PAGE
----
Loan officer compensation is a controversial and difficult topic for mortgage lenders. Lenders face tough questions when classifying their loan officers as independent contractors or common-law employees.
‘It's all over the map in terms of how loan officers are treated,’ says Beverly W. Garofalo, a partner in the Hartford, Conn., office of Brown Raysman Millstein Felder & Steiner. ‘We have issues with a lot of contracts that are out there right now.’
For common-law employees, employers must withhold income taxes and pay Social Security and unemployment taxes, explained Garofalo, speaking at a session sponsored by the Connecticut Mortgage Bankers Association in Waterbury, Conn., last month. Lenders must comply with wage and hour statutes and discrimination and immigration laws, and provide workers' compensation insurance. Employers may also be held liable for their employees' actions.
But if their loan officers are independent contractors, lenders can pay only commissions and are not subject to minimum pay or overtime rules. Plus, the employers generally cannot be held vicariously liable.
While the benefits for using independent contractors are clear, the employees must meet specific tests to qualify for the category.
‘The consequences for misclassification could be staggering,’ Garofalo warns.
Companies could be forced to pay retroactive pay and benefits, as well as penalties for not paying unemployment and workers' compensation insurance. In a case filed against Microsoft, a court ruled that thousands of workers who had signed independent contractor agreements were common-law employees. The company had to pay retroactive benefits – including stock benefits, ‘which was staggering,’ she says.
There is no blanket rule saying loan officers are, or are not, independent contractors; every situation is case by case, according to Garofalo. The gist of classification: If you supervise workers, they could be employees.
‘If it walks like a duck’ is the bottom line, the attorney explains. ‘If they act like employees, they probably are. Whatever label you put on them is absolutely meaningless.’
When classifying employees, think of your plumber, she advises. You don't train him how to do his job or tell him how to do it. He decides when he arrives and uses his own tools. You only care if the pipe is fixed.
If using loan officers that are independent contractors, don't give them the company employee handbook, manage their performance or require them to work certain hours or attend company staff meetings, she urges. And don't give them formal performance reviews. If you don't like your plumber, you don't put them on probation, you just get another plumber.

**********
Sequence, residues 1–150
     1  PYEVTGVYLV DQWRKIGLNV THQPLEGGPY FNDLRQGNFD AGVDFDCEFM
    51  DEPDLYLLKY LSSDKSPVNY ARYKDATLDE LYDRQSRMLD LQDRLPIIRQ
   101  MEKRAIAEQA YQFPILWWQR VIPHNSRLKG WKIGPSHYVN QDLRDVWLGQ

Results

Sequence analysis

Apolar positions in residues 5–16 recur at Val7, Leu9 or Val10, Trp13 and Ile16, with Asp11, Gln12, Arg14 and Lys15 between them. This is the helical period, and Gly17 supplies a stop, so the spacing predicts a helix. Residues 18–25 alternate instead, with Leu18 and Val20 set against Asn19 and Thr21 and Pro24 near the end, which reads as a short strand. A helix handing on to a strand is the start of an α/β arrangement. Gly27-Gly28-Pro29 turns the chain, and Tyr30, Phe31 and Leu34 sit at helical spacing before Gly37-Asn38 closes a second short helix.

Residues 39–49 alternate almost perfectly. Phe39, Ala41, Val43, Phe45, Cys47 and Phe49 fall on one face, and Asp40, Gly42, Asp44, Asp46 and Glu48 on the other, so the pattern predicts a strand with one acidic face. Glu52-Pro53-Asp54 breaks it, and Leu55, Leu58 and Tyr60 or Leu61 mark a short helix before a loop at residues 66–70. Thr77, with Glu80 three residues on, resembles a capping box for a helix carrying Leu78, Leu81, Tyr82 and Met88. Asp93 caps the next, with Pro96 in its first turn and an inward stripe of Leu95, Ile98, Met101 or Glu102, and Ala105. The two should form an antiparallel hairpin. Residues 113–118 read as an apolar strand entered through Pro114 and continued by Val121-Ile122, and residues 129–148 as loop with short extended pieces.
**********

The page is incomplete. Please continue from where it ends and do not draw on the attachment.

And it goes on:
Fair labor headaches
Meeting the Fair Labor Standards Act (FLSA) is another headache for mortgage lenders. That law requires them to pay employees time and a half for hours over 40 hours a week unless the workers fall under certain white-collar exemptions. Those categories include executive, administrative and professional employees, outside salespeople, computer professionals and highly compensated professionals (over $100,000 a year), a new group.
The act also requires companies to pay salaried employees a minimum of $455 a week. However, lenders can apply loan officers' commissions to the weekly minimum, she notes. The minimum amount must be paid ‘free and clear,’ regardless of the quantity and quality of work and without reallocating pay between weeks.
Only outside salespeople are exempt from the minimum salary. But to qualify for that category, the employees' primary duty must be making sales and they must be ‘customarily and regularly’ working away from the employer's place of business. Phone calls from any fixed location, including the worker's home, are considered employer's business location, according to Garofalo.
The National Association of Mortgage Brokers has asked the federal Department of Labor for an opinion stating if brokers fall under the outside sales exemption, she adds.
New regulations say employees in the financial services industry generally meet the administrative exception if they collect and analyze customers' financial information, and advise customers about the pros and cons of financial products. But loan officers must be acting as a financial advisor, using their judgment and adding value, not just offering the best rate at the time or following the company's flowchart, she cautions.
‘There are no blanket exemptions,’ she says. ‘You need to make sure your employees meet these exemptions.’
Penalties for violation are severe, including unpaid wages, double damages for willful violations and attorney's fees, she warns. And the statute of limitations is long – two years for nonwillful violations, three years for willful violations.
Mortgage firms are hard pressed to meet the rule and find how to exempt loan officers, who are often paid entirely on commissions. Although loan officer compensation has been a long-standing issue, a jump in class action lawsuits from hundreds, even thousands, of loan officers seeking minimum wage and overtime pay from large companies has exacerbated the problem, according to Garofalo.
‘Financial services is hot right now,’ she says. ‘Employees may get pennies on the dollar, and the attorneys will get millions because they always end up settling.’
Many lenders may assume their employees are exempt based on precedence, without analyzing the positions and making sure they fall under an exemption.
‘Many companies don't even think about it,’ Garofalo comments. ‘Unless they've thought it through and have really done the analysis, then they're opening themselves up to action.’